With its construction projects on the drawing board, W.T. Woodson High School in Fairfax has achieved an academic honor to build on in the early part of the school year.
Woodson recently received word that eight of its seniors had earned semifinalist status in the National Merit Scholarship Program. Katherine Chastain, Amy Duong and Matthew Horne of Annandale; Robert Colby, Katie Hausler, Andrew Lobb and Sarah Christofaro of Fairfax; and Patrick Dorsey of Fairfax Station all have advanced to the semifinalist stage of the national competition. Another Fairfax Station resident, Ijeoma Iko, is a semifinalist in the National Achievement Program competition, which awards excellence among African American Students.
According to the National Merit Program, Woodson's total of nine students is the third largest in the state of Virginia this year, behind Thomas Jefferson High School for Science and Technology in Alexandria and The Governor's School in Richmond.
Principal Robert Elliott was thrilled with the news.
"I think this says a lot of good things about the school," Elliot said. "This doesn't just happen if you don't have a dedicated community, hard-working students, and teachers who help students become the best they can be."
The National Merit Scholarship Program is an academic competition for scholarships that began in 1995. Students enter the program by taking the Preliminary SAT/National Merit Scholarship Qualifying Test, and their results on the exam determine how far they advance in the competition.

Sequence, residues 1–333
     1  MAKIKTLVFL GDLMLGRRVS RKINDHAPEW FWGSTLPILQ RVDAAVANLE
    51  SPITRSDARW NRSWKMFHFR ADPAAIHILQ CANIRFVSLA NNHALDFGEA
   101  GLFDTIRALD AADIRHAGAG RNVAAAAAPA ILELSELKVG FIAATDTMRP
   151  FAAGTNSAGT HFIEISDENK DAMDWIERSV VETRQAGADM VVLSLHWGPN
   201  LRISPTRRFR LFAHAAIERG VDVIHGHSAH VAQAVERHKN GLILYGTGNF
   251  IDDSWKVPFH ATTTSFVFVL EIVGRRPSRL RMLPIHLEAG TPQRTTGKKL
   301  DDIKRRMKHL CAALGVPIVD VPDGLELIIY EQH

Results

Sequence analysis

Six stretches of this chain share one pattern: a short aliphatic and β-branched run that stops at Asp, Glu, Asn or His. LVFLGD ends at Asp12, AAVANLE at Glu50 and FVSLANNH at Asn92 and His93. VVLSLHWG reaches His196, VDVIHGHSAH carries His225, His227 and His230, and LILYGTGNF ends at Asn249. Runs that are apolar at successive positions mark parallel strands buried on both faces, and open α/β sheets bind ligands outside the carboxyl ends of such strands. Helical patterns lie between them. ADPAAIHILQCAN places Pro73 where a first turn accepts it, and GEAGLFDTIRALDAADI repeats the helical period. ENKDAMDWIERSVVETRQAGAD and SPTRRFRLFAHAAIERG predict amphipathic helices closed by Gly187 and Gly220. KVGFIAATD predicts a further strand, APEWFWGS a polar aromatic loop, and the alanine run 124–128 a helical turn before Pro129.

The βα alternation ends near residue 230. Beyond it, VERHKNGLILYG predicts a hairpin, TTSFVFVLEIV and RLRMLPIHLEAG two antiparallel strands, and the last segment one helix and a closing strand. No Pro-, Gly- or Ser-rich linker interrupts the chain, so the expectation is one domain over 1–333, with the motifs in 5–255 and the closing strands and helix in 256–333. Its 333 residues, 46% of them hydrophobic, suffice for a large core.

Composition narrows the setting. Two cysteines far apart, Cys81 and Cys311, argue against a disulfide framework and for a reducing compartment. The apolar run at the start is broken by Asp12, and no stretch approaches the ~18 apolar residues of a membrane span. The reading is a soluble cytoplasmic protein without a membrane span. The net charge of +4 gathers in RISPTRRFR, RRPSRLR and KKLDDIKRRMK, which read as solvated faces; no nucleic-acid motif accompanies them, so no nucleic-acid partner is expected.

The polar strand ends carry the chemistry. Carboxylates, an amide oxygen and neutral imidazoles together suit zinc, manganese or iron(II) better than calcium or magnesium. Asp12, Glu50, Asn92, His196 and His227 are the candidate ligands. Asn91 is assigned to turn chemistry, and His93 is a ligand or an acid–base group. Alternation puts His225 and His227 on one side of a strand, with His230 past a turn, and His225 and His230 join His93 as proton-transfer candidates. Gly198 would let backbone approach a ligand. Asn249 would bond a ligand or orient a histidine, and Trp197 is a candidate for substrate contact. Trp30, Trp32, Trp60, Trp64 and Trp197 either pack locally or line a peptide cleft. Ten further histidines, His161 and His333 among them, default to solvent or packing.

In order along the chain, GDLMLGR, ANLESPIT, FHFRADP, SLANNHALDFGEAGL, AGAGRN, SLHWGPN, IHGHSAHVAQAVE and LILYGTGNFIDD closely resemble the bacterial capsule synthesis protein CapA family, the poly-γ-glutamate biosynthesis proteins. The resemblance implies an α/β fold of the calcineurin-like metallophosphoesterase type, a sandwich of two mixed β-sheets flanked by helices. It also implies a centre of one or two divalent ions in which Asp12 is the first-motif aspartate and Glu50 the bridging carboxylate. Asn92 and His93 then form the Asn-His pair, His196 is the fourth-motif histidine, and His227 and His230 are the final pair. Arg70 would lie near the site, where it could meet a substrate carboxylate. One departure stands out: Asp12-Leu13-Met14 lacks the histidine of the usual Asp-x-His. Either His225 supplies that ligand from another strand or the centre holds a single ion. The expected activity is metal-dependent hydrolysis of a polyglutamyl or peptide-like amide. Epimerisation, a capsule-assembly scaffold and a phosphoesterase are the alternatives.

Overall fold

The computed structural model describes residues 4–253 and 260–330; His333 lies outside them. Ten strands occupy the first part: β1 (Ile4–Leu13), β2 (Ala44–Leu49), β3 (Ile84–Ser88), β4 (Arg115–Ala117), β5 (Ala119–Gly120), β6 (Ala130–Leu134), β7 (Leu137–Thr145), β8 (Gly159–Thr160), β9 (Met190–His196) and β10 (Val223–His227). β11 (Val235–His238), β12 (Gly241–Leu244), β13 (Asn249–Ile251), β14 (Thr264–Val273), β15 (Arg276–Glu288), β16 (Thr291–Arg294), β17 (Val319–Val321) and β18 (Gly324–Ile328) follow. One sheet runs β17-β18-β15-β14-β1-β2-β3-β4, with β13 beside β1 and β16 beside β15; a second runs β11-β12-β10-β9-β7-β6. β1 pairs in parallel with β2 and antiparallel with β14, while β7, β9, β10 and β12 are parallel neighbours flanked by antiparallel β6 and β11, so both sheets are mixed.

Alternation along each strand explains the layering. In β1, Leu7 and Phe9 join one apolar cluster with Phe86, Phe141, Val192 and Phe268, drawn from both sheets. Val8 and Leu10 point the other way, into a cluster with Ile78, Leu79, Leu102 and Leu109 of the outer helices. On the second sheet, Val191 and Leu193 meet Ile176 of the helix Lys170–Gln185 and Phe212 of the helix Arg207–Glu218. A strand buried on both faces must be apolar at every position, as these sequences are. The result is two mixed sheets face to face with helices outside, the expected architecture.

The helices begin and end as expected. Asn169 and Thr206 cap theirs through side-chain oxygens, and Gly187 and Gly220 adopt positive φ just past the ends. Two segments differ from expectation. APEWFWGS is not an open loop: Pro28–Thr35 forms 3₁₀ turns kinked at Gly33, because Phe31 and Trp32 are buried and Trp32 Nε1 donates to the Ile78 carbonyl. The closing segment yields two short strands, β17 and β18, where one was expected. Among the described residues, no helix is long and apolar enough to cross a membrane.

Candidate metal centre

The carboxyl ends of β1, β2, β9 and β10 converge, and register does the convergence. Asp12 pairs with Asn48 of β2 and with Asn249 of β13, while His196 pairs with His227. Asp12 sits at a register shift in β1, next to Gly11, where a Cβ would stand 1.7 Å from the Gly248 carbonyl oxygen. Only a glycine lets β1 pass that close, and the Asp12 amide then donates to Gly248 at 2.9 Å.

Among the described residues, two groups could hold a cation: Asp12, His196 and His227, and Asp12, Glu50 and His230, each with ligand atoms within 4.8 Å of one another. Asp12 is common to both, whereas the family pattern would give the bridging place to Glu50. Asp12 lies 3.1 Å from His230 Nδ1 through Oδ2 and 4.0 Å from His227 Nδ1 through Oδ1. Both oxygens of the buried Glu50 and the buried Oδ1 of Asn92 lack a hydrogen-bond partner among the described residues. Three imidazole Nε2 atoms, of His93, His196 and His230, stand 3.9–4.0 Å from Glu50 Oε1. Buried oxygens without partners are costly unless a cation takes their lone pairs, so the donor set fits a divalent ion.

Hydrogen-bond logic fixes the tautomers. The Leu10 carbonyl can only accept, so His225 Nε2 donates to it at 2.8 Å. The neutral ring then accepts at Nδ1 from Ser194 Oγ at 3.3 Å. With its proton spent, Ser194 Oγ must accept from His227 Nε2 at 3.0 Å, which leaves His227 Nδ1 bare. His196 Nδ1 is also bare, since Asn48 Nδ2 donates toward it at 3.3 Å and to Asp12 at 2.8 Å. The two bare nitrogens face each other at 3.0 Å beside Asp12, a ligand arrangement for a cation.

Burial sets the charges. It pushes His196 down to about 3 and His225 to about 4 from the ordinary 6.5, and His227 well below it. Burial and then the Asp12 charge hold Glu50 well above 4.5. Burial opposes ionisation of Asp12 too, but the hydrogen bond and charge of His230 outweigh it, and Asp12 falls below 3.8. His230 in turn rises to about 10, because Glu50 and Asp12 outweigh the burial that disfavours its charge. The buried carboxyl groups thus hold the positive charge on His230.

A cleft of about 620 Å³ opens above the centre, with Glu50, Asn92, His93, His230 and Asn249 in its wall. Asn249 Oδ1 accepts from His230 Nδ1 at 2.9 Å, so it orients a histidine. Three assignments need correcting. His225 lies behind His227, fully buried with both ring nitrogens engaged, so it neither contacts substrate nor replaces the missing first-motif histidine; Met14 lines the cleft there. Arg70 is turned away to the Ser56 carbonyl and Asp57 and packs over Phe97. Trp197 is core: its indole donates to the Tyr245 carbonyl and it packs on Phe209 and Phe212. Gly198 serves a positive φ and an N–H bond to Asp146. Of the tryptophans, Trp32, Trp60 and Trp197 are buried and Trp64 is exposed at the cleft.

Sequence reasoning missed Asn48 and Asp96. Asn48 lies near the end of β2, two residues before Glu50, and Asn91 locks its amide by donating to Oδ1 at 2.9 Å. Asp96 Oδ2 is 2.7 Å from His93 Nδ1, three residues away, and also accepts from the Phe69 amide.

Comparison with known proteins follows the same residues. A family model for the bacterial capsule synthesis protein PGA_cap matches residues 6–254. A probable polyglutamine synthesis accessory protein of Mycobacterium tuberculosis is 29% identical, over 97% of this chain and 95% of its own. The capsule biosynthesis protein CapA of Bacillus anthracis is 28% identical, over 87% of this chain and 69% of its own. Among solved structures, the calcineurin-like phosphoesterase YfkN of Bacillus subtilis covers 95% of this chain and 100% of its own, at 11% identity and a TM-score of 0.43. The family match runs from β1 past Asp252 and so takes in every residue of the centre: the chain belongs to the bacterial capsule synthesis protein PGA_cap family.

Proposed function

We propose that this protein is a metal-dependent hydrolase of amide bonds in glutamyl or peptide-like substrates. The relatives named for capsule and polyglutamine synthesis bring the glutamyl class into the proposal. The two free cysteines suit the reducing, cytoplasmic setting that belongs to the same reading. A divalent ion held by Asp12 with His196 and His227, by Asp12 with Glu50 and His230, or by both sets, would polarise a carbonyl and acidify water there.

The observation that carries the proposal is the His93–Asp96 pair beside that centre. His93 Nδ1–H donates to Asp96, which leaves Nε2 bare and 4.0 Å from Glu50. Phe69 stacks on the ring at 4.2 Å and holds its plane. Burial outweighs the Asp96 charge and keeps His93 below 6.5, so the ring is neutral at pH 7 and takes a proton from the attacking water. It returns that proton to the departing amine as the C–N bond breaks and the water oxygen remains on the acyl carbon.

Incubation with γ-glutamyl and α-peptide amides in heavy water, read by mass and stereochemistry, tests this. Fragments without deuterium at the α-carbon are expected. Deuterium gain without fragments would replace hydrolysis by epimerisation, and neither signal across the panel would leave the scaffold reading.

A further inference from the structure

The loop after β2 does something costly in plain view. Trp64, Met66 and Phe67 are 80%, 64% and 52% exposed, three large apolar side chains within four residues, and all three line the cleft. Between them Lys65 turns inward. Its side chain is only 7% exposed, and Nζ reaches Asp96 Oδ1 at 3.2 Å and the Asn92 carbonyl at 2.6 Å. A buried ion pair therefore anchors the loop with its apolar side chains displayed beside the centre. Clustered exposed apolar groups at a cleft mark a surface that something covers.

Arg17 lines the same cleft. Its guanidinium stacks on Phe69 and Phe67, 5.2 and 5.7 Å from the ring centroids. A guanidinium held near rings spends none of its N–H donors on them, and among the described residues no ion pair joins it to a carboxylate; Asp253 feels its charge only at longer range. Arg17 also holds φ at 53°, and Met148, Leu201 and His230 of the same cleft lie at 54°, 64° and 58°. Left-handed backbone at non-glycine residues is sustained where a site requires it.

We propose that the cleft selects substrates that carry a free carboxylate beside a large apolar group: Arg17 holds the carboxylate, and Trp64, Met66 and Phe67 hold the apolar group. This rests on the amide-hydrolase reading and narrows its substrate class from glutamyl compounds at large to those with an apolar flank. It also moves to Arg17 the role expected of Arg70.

Of the 1.3 million entrants, 16,000 qualify for semifinalist status.
"I'm very happy, because it's a big achievement," said Hausler, who plays bass guitar and designed outfits for the school fashion show.
Elliott said many of the students are involved in a variety of activities, with six in either music or drama groups.
"These aren't just kids who are focused just on academics. They're the whole package," he said.
For Iko, gaining National Achievement semifinalist status was a chance to set a good example for her peers.
"I remember two years ago, the guy who got it … I kind of looked up to him," she said.
Four of the nine seniors also attended Canterbury Woods Elementary School in Fairfax, and Dorsey said he enjoyed the group of students he was with.
"I'm happy to be in this company, because everybody here is really smart," he said.
Of the semifinalists, 8,200 will receive word in the spring that they have received a merit scholarship. Elliott said the school also expects to learn it has over 30 students at Commended Student status.